First Democratic Senate Debate Discusses Health Care, Energy And Income
Montana’s Democratic primary candidates for U.S. Senate faced off for the first time in Bozeman Feb. 21. Health care, energy and liveable incomes were discussed during the debate.
Several hundred people packed into the Emerson Center to hear five Democratic candidates argue why they are the most qualified to become Montana’s next senator in the 2020 election.
Moderator Mike Wheat, a former Montana Supreme Court Justice, introduced Helena Mayor Wilmot Collins, Navy veteran and engineer John Mues, public health advocate Cora Neumann, quantum mathematician Mike Knoles and fly-fishing guide Josh Seckinger.
Collins, a Liberian refugee, made international headlines in 2017 when he defeated a four-term incumbent to become the mayor of Helena.
“I’m running for the U.S. Senate because each state deserves two senators. Montana has been short-changed. Montana has one senator. The other senator decided to join the executive branch,” Collins said.
Jabs at incumbent Republican Senator Steve Daines came up often in the debate. Whichever Democratic candidate wins in the June primary election will run against Daines or political newcomer Daniel Larson in the general election in November.
Public health advocate Cora Neumann said access to affordable health care, especially in rural and tribal communities, is a top priority in her campaign.
“Health care is very personal to me. I lost my father in a lumber mill accident when I was baby and if we had been closer to specialized care, and the care that he needed, he may have survived,” Neumann said.
Neumann said as senator she would protect Medicaid Expansion and look into a public option.
Seckinger took a more progressive line saying he supports Medicare for All. Mues and Collins were more moderate and said they would protect the Affordable Care Act but try to improve it. Knoles said Democrats need to work across the aisle with Republicans to find a solution.
All five candidates said health care is a human right and that they would protect abortion rights.
When they were asked how they would address rising prescription drug costs, fly-fishing guide Josh Seckinger said he wasn’t sure but would be willing to learn what would work.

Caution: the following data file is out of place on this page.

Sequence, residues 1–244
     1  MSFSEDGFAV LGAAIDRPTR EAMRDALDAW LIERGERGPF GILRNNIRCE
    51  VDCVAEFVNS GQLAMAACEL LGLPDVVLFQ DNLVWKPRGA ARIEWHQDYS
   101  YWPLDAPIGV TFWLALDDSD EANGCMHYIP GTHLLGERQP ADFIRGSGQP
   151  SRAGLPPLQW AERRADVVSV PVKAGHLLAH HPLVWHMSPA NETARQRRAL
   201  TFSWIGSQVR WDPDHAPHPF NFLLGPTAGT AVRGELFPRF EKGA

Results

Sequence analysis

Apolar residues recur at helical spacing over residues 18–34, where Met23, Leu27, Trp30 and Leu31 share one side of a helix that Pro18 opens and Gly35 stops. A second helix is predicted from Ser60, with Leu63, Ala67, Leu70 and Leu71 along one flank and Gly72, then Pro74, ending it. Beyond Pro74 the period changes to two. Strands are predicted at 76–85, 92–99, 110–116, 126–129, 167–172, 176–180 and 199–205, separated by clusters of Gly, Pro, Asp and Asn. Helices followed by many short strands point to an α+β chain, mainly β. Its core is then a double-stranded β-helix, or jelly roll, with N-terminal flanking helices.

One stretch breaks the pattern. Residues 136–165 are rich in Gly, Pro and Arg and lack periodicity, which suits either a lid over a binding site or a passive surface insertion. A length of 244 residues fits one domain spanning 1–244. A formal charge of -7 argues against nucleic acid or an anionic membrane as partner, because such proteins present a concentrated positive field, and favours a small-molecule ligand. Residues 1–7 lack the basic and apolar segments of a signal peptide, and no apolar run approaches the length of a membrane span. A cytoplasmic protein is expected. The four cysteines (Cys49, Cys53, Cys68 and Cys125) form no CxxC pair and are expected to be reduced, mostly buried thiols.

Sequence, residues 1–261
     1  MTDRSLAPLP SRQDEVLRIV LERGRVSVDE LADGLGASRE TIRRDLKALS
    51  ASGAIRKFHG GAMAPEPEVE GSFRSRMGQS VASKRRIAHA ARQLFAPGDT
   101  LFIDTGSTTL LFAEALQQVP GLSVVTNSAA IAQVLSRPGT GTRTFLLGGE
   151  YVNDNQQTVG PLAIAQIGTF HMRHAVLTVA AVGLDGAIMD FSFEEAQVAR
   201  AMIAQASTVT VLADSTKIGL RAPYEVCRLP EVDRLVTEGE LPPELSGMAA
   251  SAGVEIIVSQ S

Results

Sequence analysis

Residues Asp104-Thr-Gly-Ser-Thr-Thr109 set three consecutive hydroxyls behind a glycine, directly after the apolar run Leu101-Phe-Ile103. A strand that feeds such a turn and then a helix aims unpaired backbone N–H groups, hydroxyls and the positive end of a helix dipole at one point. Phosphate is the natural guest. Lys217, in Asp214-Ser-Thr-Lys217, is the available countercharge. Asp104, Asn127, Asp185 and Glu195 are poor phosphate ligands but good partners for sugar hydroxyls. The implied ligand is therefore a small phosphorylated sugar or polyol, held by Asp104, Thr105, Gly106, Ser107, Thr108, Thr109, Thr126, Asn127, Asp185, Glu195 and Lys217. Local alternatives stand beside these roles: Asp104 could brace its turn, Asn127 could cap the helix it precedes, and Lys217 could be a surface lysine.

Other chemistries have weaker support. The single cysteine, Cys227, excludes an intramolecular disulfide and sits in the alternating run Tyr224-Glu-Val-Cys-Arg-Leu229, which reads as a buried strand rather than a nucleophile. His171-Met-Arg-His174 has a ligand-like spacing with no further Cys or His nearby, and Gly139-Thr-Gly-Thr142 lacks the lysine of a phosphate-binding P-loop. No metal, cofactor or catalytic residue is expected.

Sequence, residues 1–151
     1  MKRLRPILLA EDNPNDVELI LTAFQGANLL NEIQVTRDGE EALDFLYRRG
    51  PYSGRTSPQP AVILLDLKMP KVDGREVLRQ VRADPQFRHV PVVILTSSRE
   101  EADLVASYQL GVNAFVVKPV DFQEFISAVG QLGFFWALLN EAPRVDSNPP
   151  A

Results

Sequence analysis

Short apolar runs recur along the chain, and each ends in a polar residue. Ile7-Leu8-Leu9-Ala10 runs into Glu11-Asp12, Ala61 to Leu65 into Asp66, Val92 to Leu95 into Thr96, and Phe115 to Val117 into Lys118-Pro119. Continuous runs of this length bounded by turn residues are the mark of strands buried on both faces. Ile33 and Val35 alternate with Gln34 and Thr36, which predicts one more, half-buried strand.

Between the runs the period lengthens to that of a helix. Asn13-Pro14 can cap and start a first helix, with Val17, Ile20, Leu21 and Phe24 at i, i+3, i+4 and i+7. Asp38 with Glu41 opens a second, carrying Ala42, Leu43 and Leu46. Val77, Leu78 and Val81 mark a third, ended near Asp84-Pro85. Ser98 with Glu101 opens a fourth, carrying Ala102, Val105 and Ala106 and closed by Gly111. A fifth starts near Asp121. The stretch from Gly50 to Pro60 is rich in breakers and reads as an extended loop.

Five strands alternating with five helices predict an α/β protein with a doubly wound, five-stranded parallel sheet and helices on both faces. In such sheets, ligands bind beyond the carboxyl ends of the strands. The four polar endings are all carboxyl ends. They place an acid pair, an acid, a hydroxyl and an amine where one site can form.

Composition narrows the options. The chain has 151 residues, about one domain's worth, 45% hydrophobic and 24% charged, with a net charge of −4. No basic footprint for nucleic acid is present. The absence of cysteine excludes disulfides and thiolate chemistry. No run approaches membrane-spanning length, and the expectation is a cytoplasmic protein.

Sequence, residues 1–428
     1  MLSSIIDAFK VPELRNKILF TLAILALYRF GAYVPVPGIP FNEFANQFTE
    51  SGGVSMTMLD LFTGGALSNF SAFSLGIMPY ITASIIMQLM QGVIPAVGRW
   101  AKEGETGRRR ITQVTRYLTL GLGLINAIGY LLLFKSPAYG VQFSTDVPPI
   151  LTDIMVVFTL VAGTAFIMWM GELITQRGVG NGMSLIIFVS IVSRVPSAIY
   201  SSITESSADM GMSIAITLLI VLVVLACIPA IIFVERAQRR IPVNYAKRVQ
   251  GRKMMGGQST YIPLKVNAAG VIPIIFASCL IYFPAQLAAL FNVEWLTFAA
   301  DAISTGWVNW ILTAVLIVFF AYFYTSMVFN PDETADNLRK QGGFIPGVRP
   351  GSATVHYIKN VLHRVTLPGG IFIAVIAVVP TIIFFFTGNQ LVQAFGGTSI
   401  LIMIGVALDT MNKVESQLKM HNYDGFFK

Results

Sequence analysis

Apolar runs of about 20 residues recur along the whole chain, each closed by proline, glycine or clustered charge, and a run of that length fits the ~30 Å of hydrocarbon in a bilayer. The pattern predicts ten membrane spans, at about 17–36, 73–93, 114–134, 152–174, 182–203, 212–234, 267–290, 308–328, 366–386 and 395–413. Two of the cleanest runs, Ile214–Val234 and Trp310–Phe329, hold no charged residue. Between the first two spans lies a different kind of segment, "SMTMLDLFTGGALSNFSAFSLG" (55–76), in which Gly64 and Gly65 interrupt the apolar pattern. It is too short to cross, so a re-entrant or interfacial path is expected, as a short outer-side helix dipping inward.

“I think that’s what differs me from everybody is I’m willing to say, ‘I don’t know’ and hear it from you,” Seckinger said.
Later in the debate, the moderator asked the candidates about climate change, which everyone agreed is an urgent issue.
“As the only expert in energy out of this entire group and the only person with agricultural experience - having owned a 1500 acre cattle ranch in north-central, water-scarce Montana - this issue of climate change is one of the biggest things impacting not just the United States but the entire planet," veteran and engineer John Mues said.
He said the U.S. needs to increase fuel efficiency, radically shift to clean power generation and invest in renewable energy storage. Both Mues and Collins said the U.S. should get back into the Paris Climate Agreement and global negotiations.
Neumann said Montana has an opportunity to transition toward wind-powered energy.
“Since this current president Trump took office, we’ve had this huge spike in oil and gas leases across huge swaths of our public land across this country. We would need to reel that in immediately, create major incentives for investments in renewable energy,” Neumann said.
Seckinger said he supports a federal ban on all new mines and increasing royalties for oil and gas leases to reinvest in renewable energy projects in those communities.
Knoles said he thinks the U.S. needs to improve its social safety nets for people and get rid of corruption first.
The moderator also asked candidates whether they support increasing the federal minimum wage. Quantum mathematician Mike Knoles said talking about minimum wage is missing the point.
“It's missing the point because not everybody works and not everybody can work, and so my plan would be to implement a universal income. That’s what I would do,” Knoles said.
Collins, Mues and Seckinger said they are in favor of an across-the-board $15 minimum wage. Neumann said she supports a staggered minimum wage increase based on local economies.
During a break, attendee Sarah Jones-Popiel of Bozeman said she wishes the candidates had talked about gun safety.
“For a lot of the parents I know, that’s a pretty big concern, and my kids talked a lot about how they don’t feel safe,” Jones-Popiel said.
The moderator also did not ask about immigration.
Claire Broling from Bozeman said she’s really concerned about health care.
“I work on an ambulance so I see a lot of people who don’t, who will actually have to say, ‘No, I don’t want an ambulance,’ even if they need one,” Broling said.
She said she liked Seckinger’s support of Medicare for All and what Neumann had to say about improving access.
Kevin Calusey from Helena said he’s a single issue voter.
“For me, universal basic income solves all of the problems that were discussed up there,” Calusey said.
He said universal basic income would help people who need to stay home to take care of young kids or elderly parents and create a safety net as more jobs are replaced with automation.
Out of the five candidates, Neumann has brought in the most campaign contributions: $463,000 in 2019. That’s twice as much as Collins with over $234,000 and four times as much as Mues with $113,000. Knoles and Seckinger haven't filed campaign finance reports yet. All vastly lag behind Daines.
After the break, the two Democratic candidates for governor, Lt. Gov. Mike Cooney and Missoula businesswoman Whitney Williams, debated on stage for the second time on Friday. The three Republican candidates in the primary are U.S. Congressman Greg Gianforte, State Attorney General Tim Fox and State Senator Al Olszewski.
Montana’s primary election is June 2.
Copyright 2020 Yellowstone Public Radio